chapter_2017

chapter_2017 - CHAPTER 17 ACID-BASE EQUILIBRIA AND...

Info iconThis preview shows pages 1–3. Sign up to view the full content.

View Full Document Right Arrow Icon
CHAPTER 17 ACID-BASE EQUILIBRIA AND SOLUBILITY EQUILIBRIA 17.5 (a) HCl (hydrochloric acid) is a strong acid. A buffer is a solution containing both a weak acid and a weak base. Therefore, this is not a buffer system. (b) NH 3 (ammonia) is a weak base, and its conjugate acid, NH 4 + is a weak acid. Therefore, this is a buffer system. (c) This solution contains both a weak acid, H 2 PO 4 and its conjugate base, HPO 4 2 . Therefore, this is a buffer system. 17.6 Strategy: What constitutes a buffer system? Which of the preceding solutions contains a weak acid and its salt (containing the weak conjugate base)? Which of the preceding solutions contains a weak base and its salt (containing the weak conjugate acid)? Why is the conjugate base of a strong acid not able to neutralize an added acid? Solution: The criteria for a buffer system are that we must have a weak acid and its salt (containing the weak conjugate base) or a weak base and its salt (containing the weak conjugate acid). (a) HNO 2 (nitrous acid) is a weak acid, and its conjugate base, NO 2 (nitrite ion, the anion of the salt KNO 2 ), is a weak base. Therefore, this is a buffer system. (b) H 2 SO 4 (sulfuric acid) is a strong acid. A buffer is a solution containing both a weak acid and a weak base. Therefore, this is not a buffer system. (c) HCOOH (formic acid) is a weak acid, and its conjugate base, HCOO (formate ion, the anion of the salt HCOOK), is a weak base. Therefore, this is a buffer system. 17.7 H 2 CO 3 ( aq ) U HCO 3 ( aq ) + H + ( aq ) 1 7 a 4.2 10 K 1 a p 6.38 = K 3 a 23 [HCO ] pH p log [H CO ] =+ K 3 [HCO ] 8.00 6.38 log [H CO ] 3 [HCO ] log 1.62 [H CO ] = 3 [HCO ] 41.7 [H CO ] = 3 [H CO ] [HCO ] = 0.024
Background image of page 1

Info iconThis preview has intentionally blurred sections. Sign up to view the full version.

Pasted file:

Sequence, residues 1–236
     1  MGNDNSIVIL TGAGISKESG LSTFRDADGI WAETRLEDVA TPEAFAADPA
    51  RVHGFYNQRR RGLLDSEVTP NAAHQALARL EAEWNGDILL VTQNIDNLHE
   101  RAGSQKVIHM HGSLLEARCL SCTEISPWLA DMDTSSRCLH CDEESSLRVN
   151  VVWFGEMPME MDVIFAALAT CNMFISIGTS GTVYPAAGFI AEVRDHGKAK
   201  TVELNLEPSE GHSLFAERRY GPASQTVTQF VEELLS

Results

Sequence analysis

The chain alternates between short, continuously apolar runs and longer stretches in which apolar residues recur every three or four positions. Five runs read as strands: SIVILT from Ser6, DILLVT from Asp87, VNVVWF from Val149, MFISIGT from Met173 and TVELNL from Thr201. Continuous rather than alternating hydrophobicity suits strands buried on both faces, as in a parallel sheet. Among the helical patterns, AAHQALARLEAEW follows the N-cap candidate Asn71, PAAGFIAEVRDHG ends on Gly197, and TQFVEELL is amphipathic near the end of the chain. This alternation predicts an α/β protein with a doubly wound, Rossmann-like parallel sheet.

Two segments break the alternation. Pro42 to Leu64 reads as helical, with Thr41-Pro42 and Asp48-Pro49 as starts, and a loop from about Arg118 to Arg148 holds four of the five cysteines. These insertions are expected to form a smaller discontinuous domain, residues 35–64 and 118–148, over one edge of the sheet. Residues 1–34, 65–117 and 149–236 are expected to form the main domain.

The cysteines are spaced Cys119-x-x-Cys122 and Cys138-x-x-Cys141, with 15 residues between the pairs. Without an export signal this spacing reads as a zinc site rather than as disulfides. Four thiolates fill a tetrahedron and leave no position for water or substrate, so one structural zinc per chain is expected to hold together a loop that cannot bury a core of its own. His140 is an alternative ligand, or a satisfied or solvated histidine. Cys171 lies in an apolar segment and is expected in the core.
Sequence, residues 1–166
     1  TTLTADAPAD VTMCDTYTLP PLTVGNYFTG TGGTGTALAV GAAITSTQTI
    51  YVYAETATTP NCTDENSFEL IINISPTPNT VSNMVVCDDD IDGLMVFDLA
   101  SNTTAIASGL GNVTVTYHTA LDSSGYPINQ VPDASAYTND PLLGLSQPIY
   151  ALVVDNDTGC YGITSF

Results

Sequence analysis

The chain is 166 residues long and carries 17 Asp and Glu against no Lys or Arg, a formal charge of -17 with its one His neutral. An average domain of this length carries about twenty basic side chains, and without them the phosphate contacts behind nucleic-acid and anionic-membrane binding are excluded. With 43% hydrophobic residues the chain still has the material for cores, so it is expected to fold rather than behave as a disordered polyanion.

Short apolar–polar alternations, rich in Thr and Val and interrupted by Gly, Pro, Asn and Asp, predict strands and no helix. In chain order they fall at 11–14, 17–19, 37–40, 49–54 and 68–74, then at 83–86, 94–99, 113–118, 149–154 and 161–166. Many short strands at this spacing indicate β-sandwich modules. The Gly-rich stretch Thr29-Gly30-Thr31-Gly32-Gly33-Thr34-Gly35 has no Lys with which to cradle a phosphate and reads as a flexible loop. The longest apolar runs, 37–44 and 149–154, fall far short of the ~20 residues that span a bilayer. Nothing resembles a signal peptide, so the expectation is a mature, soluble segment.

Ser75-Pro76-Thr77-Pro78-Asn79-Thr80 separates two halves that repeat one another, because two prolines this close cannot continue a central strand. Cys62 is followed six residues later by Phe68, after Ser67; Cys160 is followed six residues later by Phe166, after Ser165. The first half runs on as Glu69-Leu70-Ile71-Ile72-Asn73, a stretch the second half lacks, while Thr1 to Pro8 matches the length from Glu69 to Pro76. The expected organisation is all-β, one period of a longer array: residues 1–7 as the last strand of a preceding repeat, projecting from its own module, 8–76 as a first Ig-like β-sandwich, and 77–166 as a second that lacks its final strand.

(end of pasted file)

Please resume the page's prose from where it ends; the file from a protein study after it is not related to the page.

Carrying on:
View Full Document Right Arrow Icon
CHAPTER 17: ACID-BASE EQUILIBRIA AND SOLUBILITY EQUILIBRIA 381 17.8 Strategy: The pH of a buffer system can be calculated in a similar manner to a weak acid equilibrium problem. The difference is that a common-ion is present in solution. The K a of CH 3 COOH is 1.8 × 10 5 (see Table 16.3 of the text). Solution: (a) We summarize the concentrations of the species at equilibrium as follows: CH 3 COOH( aq ) U H + ( aq ) + CH 3 COO ( aq ) Initial ( M ): 2.0 0 2.0 Change ( M ): x + x + x Equilibrium ( M ): 2.0 x x 2.0 + x 3 a 3 [H ][CH COO ] [CH COOH] + = K a [H ](2.0 ) [H ](2.0) (2.0 2.0 ++ + =≈ x K x ) K a = [H + ] Taking the log of both sides, p K a = pH Thus, for a buffer system in which the [weak acid] = [weak base], pH = p K a pH = log(1.8 × 10 5 ) = 4.74 (b) Similar to part (a), pH = p K a = 4.74 Buffer (a) will be a more effective buffer because the concentrations of acid and base components are ten times higher than those in (b). Thus, buffer (a) can neutralize 10 times more added acid or base compared to buffer (b). 17.9 NH 4 + ( aq ) U NH 3 ( aq ) + H + ( aq ) K a = 5.6 × 10 10 p K a = 9.25 3 a 4 [NH ] 0.15 p log 9.25 log 0.35 + =+ = + = pH 8.88 M K M 17.10 Step 1: Write the equilibrium that occurs between H 2 PO 4 and HPO 4 2 . Set up a table relating the initial concentrations, the change in concentration to reach equilibrium, and the equilibrium concentrations.
Background image of page 2
Image of page 3
This is the end of the preview. Sign up to access the rest of the document.

{[ snackBarMessage ]}

Page1 / 43

chapter_2017 - CHAPTER 17 ACID-BASE EQUILIBRIA AND...

This preview shows document pages 1 - 3. Sign up to view the full document.

View Full Document Right Arrow Icon
Ask a homework question - tutors are online